After the Mongol officials found out that Carpini brought no tribute and offered no submission, they mostly ignored him, but in a letter of November 1246 that still survives, Güyük asked Innocent IV the obvious question: how do you know whom god absolves an to whom he shows mercy? How do you know that god sanctions the words you speak? Güyük pointed out that god had given the Mongols, not the pope, control of the world from the rising to the setting sun. god intended for the Mongols to spread his commandments and his laws through Genghis Khan’s Great Law. He then advised the pope to come to Karakorum with all of his princes in order to pay homage to the Mongol Khan.

Rabban made his way to the court of Edward, king of England, the most distant point on his journey. He delivered letters and gifts to each monarch along the route, and he stayed in each court for a few weeks or months before moving on to the next. He used his time sightseeing and meeting with scholars, politicains, and church officials to tell them about the great khan and the Mongols, his subordinate the ilkhan, and their burning desire for peaceful relations with the world. On his way back through Rome, pope Nicholas IV invited rabban to celebrate mass in his lnguage; and then, on palm Sunday 1288, the pope celebrated mass and personally gave communion to the Mongol envoy.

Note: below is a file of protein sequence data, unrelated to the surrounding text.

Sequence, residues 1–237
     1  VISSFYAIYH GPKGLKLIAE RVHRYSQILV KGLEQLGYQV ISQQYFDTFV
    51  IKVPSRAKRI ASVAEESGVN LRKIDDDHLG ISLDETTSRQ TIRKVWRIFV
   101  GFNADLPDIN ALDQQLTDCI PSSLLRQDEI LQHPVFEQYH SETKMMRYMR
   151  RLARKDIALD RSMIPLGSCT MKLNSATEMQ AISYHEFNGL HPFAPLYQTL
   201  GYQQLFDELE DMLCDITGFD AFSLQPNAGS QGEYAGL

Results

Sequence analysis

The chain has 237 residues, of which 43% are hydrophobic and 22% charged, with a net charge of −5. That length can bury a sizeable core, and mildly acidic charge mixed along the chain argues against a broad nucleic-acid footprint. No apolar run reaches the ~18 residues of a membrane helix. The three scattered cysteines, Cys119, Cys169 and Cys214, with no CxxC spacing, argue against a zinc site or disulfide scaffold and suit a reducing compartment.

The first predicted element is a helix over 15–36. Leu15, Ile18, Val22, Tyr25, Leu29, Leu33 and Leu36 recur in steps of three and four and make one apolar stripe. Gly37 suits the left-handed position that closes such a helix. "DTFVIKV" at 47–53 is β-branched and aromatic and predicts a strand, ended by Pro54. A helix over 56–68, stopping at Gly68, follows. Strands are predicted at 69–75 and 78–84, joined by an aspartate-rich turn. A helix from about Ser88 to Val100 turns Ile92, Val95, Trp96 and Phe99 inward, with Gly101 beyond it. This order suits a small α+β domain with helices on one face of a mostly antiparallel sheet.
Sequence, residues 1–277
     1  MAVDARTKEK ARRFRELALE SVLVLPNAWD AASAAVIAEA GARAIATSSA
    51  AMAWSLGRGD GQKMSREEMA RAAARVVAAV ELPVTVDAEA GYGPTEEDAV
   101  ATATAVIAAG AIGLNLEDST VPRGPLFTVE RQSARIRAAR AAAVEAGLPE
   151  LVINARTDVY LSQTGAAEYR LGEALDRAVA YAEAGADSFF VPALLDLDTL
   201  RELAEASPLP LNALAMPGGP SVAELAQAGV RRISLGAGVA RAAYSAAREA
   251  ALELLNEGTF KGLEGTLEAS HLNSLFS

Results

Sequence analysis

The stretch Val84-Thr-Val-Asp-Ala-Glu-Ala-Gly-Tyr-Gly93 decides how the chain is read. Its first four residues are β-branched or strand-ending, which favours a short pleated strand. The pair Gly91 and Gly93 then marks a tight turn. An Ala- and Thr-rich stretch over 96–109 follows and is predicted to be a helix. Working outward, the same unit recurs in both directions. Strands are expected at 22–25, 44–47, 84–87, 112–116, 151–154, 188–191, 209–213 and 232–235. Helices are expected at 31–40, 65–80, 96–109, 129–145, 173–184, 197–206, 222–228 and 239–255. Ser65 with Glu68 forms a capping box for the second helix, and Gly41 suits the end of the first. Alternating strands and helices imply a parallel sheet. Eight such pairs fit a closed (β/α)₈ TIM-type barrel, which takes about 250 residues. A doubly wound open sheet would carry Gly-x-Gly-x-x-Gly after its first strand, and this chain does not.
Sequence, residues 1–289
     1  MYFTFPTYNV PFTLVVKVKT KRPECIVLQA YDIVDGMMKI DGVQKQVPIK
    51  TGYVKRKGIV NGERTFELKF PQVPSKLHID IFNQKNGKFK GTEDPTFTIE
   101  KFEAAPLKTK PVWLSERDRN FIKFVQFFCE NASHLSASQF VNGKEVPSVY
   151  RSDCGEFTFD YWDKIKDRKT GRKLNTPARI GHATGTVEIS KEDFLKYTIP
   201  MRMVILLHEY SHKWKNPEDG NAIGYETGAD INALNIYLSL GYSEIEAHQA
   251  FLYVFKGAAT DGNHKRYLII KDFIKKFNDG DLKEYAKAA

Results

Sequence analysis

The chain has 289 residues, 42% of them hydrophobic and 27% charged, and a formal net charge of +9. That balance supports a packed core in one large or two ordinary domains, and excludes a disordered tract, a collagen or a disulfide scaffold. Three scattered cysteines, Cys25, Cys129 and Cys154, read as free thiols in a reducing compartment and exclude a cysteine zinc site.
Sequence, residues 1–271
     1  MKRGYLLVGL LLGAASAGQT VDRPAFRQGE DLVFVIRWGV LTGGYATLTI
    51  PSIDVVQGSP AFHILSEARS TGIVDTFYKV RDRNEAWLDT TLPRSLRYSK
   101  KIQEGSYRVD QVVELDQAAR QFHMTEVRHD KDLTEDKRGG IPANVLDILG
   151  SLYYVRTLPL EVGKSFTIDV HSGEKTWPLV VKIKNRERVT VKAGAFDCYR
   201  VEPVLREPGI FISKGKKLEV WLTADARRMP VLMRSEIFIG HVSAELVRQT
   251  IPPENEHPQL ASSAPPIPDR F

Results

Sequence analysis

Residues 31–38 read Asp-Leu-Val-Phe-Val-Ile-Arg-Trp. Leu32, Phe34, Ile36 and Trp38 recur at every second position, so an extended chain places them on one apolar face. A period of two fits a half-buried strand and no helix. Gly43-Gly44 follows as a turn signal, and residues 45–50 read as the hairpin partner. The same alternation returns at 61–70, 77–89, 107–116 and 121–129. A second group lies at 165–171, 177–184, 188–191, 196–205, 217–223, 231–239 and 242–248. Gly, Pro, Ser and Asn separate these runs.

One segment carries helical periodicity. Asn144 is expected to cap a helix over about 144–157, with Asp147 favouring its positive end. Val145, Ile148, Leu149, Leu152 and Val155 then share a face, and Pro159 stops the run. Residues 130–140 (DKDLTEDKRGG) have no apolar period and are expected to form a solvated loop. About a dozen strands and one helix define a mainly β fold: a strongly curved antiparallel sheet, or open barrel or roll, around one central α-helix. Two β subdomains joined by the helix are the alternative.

Muhammed Alim Khan, 1880-1944 CE, was the last emir of the Manghud dynasty who ruled the emirate of Bukhara, in today’s Uzbekistan. (See the photo above) The Manghuds considered themselves the direct descendants of Genghis Khan via Nogai Khan, Genghis’ great-great-grandson who was a leader of the Golden Horde. Once the Mongols had been ousted from Russia itself, the Nogai Horde, as it was known, retreated to two main areas, one north of the Black Sea and the other north of the Caspian Sea. From here they conducted raids on Russian territory, absconding with young boys who they sold to the Ottomans in Constantinople as soldiers. The Nogais, that is, were in charge of supplying the Ottomans with janissaries. [read more: The Janissaries and Turkish music]

Little by little, however, the Nogais were pushed south and eastwards by Russian settlers and by the advancing Russian army. In the end they came to inhabit an area in Central Asia known as Transoxania, with Bukhara and Samarkand as its two main cities. Here the Manghud family established themselves as emirs in 1785, but the Russians eventually caught up with them here too and in 1868 they occupied and annexed much of the emirate. The remainder became a Russian protectorate in which the emirs retained full power only over domestic matters. The emirate of Bukhara displayed a multicultural mix of peoples, including Uzbeks, Tajiks and Jews, and the capital became home to prominent poets, calligraphers and scholars. (See the photos below)